Les Sandy passes

Former Blue Grass Boy, Les Sandy, passed away at FirstHealth Moore Regional Hospital in Pinehurst, North Carolina, on July 28, 2022, after a short battle with cancer. He was 93 years old. 

Leslie Matheson Sandy was born, one of the eight children, near Raeford, south central North Carolina, on August 8, 1928. Sandy’s first experience of playing bluegrass music began when he played bass for Hoke Jenkins & the Smokey Mountaineers (with whom he worked on Augusta, Georgia, Radio WGAC around 1949).

His love for music began at a very early age after he learned to play his father’s harmonica when he was six years old. The effects of the Depression made life tough for all rural families and the radio provided an escape as they listened to music broadcast in the Carolinas and from Nashville 

Since that time, he has learned to play all five of the traditional bluegrass instruments, with a preference for the fiddle and the guitar. 

When he was drafted into the US Navy, and while duties aboard a couple of aircraft carriers took them to the Mediterranean, western Europe, and the Caribbean, he entertained shipmates. 

After demobilizing, a strong desire to learn more prompted Les to leave home when he was 19 years old to pursue a professional career in music, and to meet other musicians. Hence, in 1946 he went down to Miami, Florida, where he played and sang with renowned fiddle player Vassar Clements. Leslie’s brother, Coolidge, also a musician, later joined him in Key West, Florida where they sang and played at Sloppy Joe’s for just over a year. While there they met Key West resident, the renowned author Ernest Hemingway, with whom Les Sandy would play deck shuffleboard. 

During the early 1950s Sandy played electric guitar and sang with Homer Drye and The Briarhoppers on WPTF, Raleigh, North Carolina; did show dates along with The Bailey Brothers and Clyde Moody, before moving to Florence, South Carolina, where he worked as featured vocalist, lead guitarist, and fiddler with Charles ‘Slim’ Mims and The Dream Ranch Boys on WJMX, Florence, South Carolina; and played show dates with Snuffy Jenkins and The Hired Hands, and Arthur Smith and The Crackerjacks. 

Mims, who adopted his own Uncle Ugly bumpkin persona, inspired Sandy’s own Uncle Puny comic character, created with reference to his mother’s chiding, “You’re gonna be puny if you don’t eat!”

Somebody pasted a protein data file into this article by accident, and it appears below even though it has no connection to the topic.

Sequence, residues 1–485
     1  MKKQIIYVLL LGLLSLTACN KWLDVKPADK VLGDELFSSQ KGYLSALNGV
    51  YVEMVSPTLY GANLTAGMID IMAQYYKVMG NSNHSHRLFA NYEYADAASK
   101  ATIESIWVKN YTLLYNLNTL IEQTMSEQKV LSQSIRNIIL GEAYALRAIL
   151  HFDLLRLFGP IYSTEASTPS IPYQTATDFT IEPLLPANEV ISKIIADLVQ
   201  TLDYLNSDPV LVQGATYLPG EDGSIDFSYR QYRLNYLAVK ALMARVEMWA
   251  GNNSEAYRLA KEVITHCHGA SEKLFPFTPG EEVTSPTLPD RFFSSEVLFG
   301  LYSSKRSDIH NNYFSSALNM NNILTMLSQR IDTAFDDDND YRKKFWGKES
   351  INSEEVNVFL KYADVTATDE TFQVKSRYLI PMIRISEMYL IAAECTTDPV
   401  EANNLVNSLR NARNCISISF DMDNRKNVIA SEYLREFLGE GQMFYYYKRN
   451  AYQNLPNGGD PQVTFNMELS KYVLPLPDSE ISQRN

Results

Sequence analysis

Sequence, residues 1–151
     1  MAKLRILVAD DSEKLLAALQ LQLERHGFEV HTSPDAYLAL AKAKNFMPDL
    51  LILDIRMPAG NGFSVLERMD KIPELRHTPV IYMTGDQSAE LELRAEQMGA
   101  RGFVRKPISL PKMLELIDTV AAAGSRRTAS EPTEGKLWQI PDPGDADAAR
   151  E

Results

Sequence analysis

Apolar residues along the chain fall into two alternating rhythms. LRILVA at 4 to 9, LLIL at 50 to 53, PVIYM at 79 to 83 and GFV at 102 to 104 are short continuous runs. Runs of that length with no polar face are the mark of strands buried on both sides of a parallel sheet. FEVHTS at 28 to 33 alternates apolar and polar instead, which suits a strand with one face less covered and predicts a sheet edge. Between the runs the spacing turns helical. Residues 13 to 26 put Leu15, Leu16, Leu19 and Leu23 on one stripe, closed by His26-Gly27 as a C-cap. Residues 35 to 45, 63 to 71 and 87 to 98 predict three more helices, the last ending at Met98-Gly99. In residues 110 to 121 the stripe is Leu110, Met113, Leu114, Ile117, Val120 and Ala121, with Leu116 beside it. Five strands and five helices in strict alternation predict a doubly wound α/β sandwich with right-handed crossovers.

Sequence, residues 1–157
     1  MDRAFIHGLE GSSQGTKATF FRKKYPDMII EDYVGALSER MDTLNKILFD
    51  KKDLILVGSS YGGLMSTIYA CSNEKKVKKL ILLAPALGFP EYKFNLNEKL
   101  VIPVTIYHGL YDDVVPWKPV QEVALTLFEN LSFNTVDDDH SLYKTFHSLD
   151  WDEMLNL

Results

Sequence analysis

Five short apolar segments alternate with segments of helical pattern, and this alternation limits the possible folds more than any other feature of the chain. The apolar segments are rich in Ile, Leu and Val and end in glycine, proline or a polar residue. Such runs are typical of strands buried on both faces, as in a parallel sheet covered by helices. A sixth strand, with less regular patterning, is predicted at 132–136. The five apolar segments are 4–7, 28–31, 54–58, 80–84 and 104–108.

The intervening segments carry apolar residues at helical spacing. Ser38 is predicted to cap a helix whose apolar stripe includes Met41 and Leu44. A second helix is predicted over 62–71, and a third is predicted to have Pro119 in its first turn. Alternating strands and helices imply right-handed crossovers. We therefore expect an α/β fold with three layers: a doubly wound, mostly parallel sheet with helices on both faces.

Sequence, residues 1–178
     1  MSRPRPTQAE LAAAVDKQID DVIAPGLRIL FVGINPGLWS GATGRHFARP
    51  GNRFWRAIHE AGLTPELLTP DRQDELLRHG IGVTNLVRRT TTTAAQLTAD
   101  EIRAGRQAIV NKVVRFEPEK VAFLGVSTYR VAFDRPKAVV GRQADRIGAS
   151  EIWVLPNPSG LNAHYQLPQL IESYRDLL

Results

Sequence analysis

Having filled-in with Monroe in late May 1953, and after working his notice with Mims, Sandy joined the Blue Grass Boys in June, playing bass and being the band’s featured comedian. His stint was a short one, only staying with Monroe until the end of the year. 

Sandy re-joined Monroe in September 1954 but this time stayed with him for less than a month. 

Sandy once recalled ……

“I first met Bill Monroe in 1953 when he (along with Jimmy Martin, Charlie Cline, and L.E. White) appeared at the Barbeque Barn near Florence, South Carolina. I was playing with Slim Mims and The Dream Ranch Boys on WJMX at the time. We opened the show for Bill Monroe and The Blue Grass Boys that night. Bill needed a bass player for his show, and I filled in for him. Before the evening was over, he had offered me a job with his band. We met the next weekend at the Pick Theater in Mt. Airy, North Carolina where he had a show. Monroe gave me 15 minutes on his show to perform a comedy act. It was my debut as the comedian, Uncle Puny. After that, Monroe and I started to do two-man comedy routines together in addition to my playing the bass as a regular part of his shows. We put on shows at a lot of schools and traveled quite a bit.

Times on the road got really bad, and I left Monroe in the winter of 1953, worked awhile with Slim Mims, then went back with Monroe in 1954.”

Hoping to have his own singing career in the style of Eddy Arnold, Sandy tried unsuccessfully for his own recording contract with Decca. 

Thereafter Sandy worked with Jim & Jesse and the Virginia Boys (whom he first met in Augusta, Georgia in 1949), then appearing on WDVA, Danville, Virginia.